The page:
In Luke 6:1-11, Luke recounts the hostile encounter between Jesus and the Pharisees, and points us to something very significant about our hearts and about the Lord's Day. Over 150 years ago, J.C. Ryle said, "Our Sundays and how we use them is one of the most sure signs of our spiritual condition." How do you use your Sunday? How do you use your Lord's Day? What's at the heart of your Lord's Day? Well, Luke is telling us something that not only reveals something to us about the hearts of the Pharisees and what was the heart of their experience of the Sabbath, but it forces us to look at our own hearts and ask us how we use the Lord's Day.

Last week, we started looking at this passage and saw the Pharisees false approach to the Sabbath. Today, I want you to notice two more things in these verses.

II. How Jesus Observed the Sabbath

Jesus does three things in this passage that are a good example to us for how to keep the Lord's Day.

The first thing you'll see is in verse 6: "On another Sabbath, He entered the synagogue and was teaching." This was Jesus' normal pattern. On the Sabbath Day, where is Jesus? He's in corporate worship with the people of God. That's where we ought to be every Lord's Day, in corporate worship with the people of God. When we do that, we're just following Jesus' example.

Secondly, Jesus makes it clear that the Sabbath Day is a day when it is lawful to do things that have to be done - "deeds of necessity" our Confession calls them. If you'll look back in verse 1 - "On the Sabbath, while He was going through the grainfields, His disciples plucked and ate some heads of grain, rubbing them in their hands." They needed to eat. They were out traveling, doing the work of the Lord. The only way that they could get the food they needed was to do what they did. It was an act of necessity and it was perfectly appropriate according to the Lord Jesus Christ. So the Sabbath Day is a day of rest, but it's also, as Jesus makes clear, a day of worship (verse 6), and a day in which you do the deeds of necessity (verse 1).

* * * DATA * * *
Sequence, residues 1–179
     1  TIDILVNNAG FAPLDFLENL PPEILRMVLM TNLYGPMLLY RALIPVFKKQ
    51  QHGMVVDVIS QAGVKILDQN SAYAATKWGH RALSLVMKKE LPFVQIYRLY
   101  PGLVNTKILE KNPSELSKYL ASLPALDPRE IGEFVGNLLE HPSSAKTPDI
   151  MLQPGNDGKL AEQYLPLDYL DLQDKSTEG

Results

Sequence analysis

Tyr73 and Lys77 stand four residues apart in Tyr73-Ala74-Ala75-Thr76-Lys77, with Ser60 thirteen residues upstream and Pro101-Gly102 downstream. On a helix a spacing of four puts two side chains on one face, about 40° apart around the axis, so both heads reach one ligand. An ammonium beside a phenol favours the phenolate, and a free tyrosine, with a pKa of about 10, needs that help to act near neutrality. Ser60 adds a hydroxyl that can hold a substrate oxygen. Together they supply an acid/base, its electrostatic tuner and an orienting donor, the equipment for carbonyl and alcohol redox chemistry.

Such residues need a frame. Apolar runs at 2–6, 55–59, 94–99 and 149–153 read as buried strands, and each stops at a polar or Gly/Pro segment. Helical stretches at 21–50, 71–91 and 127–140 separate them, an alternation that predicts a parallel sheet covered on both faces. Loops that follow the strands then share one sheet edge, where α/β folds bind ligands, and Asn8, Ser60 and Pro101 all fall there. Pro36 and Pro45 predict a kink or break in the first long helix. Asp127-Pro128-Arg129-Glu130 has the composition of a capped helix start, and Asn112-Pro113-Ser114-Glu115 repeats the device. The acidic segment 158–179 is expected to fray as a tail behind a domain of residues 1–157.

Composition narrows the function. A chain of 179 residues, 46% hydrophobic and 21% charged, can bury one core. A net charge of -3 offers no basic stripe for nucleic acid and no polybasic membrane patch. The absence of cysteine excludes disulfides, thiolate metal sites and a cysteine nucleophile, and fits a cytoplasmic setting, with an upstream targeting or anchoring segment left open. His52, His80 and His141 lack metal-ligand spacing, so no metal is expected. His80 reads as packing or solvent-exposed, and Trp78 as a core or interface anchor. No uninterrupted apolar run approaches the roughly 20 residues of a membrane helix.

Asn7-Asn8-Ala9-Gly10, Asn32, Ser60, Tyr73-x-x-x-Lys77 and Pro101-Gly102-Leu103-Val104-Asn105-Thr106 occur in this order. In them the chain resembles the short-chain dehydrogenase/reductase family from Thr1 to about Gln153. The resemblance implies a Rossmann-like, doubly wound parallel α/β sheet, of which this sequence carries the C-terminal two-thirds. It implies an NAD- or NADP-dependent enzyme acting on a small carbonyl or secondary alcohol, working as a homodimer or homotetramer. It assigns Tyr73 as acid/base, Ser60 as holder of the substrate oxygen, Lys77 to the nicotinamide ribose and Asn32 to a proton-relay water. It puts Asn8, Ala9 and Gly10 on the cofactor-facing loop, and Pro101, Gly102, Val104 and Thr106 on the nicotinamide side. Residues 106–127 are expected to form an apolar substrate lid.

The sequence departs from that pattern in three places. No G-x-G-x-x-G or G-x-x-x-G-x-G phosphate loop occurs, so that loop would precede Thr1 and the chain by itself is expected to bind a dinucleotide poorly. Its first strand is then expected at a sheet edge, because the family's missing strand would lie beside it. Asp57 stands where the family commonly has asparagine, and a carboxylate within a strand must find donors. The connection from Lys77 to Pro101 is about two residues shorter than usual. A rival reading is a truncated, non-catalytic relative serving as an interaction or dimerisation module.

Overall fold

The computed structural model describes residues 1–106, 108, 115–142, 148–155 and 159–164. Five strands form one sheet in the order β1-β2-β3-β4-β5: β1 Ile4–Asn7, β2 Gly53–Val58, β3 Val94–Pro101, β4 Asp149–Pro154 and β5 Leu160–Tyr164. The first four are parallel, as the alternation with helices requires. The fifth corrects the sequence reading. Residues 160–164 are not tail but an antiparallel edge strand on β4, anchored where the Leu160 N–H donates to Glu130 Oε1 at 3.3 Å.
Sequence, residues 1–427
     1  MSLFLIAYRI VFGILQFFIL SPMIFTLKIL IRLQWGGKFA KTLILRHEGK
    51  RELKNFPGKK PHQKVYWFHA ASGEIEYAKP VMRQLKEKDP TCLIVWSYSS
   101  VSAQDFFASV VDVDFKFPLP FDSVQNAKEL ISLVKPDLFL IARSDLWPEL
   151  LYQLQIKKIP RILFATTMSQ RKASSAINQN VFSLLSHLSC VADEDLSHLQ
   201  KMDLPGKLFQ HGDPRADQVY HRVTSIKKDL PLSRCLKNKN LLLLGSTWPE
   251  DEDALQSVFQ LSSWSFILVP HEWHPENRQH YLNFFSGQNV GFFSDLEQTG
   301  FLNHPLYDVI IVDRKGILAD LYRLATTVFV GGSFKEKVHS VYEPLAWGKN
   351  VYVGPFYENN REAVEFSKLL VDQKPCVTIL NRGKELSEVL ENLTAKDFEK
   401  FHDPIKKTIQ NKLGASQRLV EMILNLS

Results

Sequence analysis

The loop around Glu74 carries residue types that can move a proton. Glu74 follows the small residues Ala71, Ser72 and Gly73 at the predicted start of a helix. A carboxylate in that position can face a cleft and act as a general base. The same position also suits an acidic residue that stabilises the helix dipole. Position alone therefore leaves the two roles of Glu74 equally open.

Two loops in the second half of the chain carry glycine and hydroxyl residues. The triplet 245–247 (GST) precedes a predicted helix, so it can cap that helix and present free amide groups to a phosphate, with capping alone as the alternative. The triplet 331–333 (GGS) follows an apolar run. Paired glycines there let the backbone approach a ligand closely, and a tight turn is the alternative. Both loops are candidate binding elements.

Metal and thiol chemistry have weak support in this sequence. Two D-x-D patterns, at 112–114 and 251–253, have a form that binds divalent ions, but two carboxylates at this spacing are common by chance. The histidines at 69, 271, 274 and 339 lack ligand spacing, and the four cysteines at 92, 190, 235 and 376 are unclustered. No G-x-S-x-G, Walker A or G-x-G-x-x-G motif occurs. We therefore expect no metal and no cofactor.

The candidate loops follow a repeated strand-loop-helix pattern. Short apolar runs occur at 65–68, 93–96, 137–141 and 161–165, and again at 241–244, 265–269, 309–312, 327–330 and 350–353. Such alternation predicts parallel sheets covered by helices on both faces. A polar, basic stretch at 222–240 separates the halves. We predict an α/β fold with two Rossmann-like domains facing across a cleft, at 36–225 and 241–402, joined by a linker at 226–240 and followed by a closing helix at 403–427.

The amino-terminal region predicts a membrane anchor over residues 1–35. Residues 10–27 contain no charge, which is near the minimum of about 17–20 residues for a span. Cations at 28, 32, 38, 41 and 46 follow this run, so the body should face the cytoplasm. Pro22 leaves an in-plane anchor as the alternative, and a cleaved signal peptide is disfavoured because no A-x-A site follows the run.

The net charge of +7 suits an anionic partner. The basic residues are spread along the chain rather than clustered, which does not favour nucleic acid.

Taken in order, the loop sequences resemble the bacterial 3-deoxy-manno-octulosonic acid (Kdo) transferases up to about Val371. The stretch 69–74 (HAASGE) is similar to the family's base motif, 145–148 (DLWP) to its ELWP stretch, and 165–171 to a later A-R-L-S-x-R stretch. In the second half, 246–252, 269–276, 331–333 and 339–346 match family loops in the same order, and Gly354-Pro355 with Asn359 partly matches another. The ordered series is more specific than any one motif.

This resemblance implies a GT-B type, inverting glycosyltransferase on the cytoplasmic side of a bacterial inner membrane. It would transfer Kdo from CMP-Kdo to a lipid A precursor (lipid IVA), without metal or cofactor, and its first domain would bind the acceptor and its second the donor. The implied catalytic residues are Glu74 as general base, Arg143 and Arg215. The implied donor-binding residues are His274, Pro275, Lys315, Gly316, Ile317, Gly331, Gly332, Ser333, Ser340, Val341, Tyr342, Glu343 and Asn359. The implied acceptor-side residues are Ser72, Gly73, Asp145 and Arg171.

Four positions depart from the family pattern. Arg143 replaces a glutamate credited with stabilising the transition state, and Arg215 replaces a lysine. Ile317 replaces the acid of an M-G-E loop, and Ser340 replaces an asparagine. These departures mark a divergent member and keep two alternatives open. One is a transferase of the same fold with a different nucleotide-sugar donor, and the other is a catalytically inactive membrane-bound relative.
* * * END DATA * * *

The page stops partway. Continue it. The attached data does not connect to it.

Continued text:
It is also, however, a day in which we do deeds of mercy, and you see this in verses 8ff. Jesus is in the synagogue teaching; there's a man there with a withered hand; He calls the man up and He heals the man. It's an act of mercy. If God has shown us mercy, and if we worship God, how do you worship God best? When you act like He does. So is it appropriate to do deeds of mercy on His day? Yes! Jesus makes it clear.

This is how Jesus used the Lord's Day: worship, deeds of necessity, and deeds of mercy. And He provides us an example of how to use our Lord's Day. J.C. Ryle, a century and a half ago, said, "It is only a few steps down from no Sabbath to no God." In other words, our use of the Lord's Day is an index of our spiritual health. Is your Lord's Day caught up with worship and deeds of necessity and mercy and rest, or is it caught up with something else? Jesus' example is instructive to us.

III. Who is Lord of the Sabbath?

But there's one last thing that I want you to see here, and it's the most important thing. It is the lord of the Lord's Day. Because in verse 5, you see the rest of the story in the first incident. I told you about Jesus responding to the Pharisees by telling them about David and Ahimelech and the showbread, but I didn't tell you the second thing that Jesus said to the Pharisees. First, Jesus had asked, "Do you remember the story of David?"

What I say doesn't go on the Sabbath, doesn't go on the Sabbath." And, you see, that's the fundamental question. Who the lord of the Lord's Day is makes all the difference as to whether you're actually keeping the Lord's Day. If the lord of your Lord's Day is the Lord, then it's a glorious day. But if the lord of your Lord's Day is you or someone or anything else, then it's going to be a miserable day.

And, you see, that's the real key to your Lord's Day. Do you want to enjoy the Lord's Day? The only way to enjoy the Lord's Day is to enjoy the Lord of the Lord's Day. That's the whole key to enjoying the Lord's Day. If you don't enjoy the lord of the Lord's Day, the Lord's Day is going to be miserable! If you want to be somewhere else, you're not going to enjoy the Lord's Day. The Lord's Day is my favorite day of the week. I get up as early as I can; I stay awake as late as I can. It's my favorite day of the week. Is that how you feel about the Lord's Day?

You see, it's real easy for us to look back at those Pharisees and say, "Oh, you nit-picky legalists!" But, my friends, our hearts can be just as wrong about the Lord's Day as theirs were if we don't worship the lord of the Lord's Day and enjoy Him more than we enjoy the pursuit of our own agendas and our own pleasures.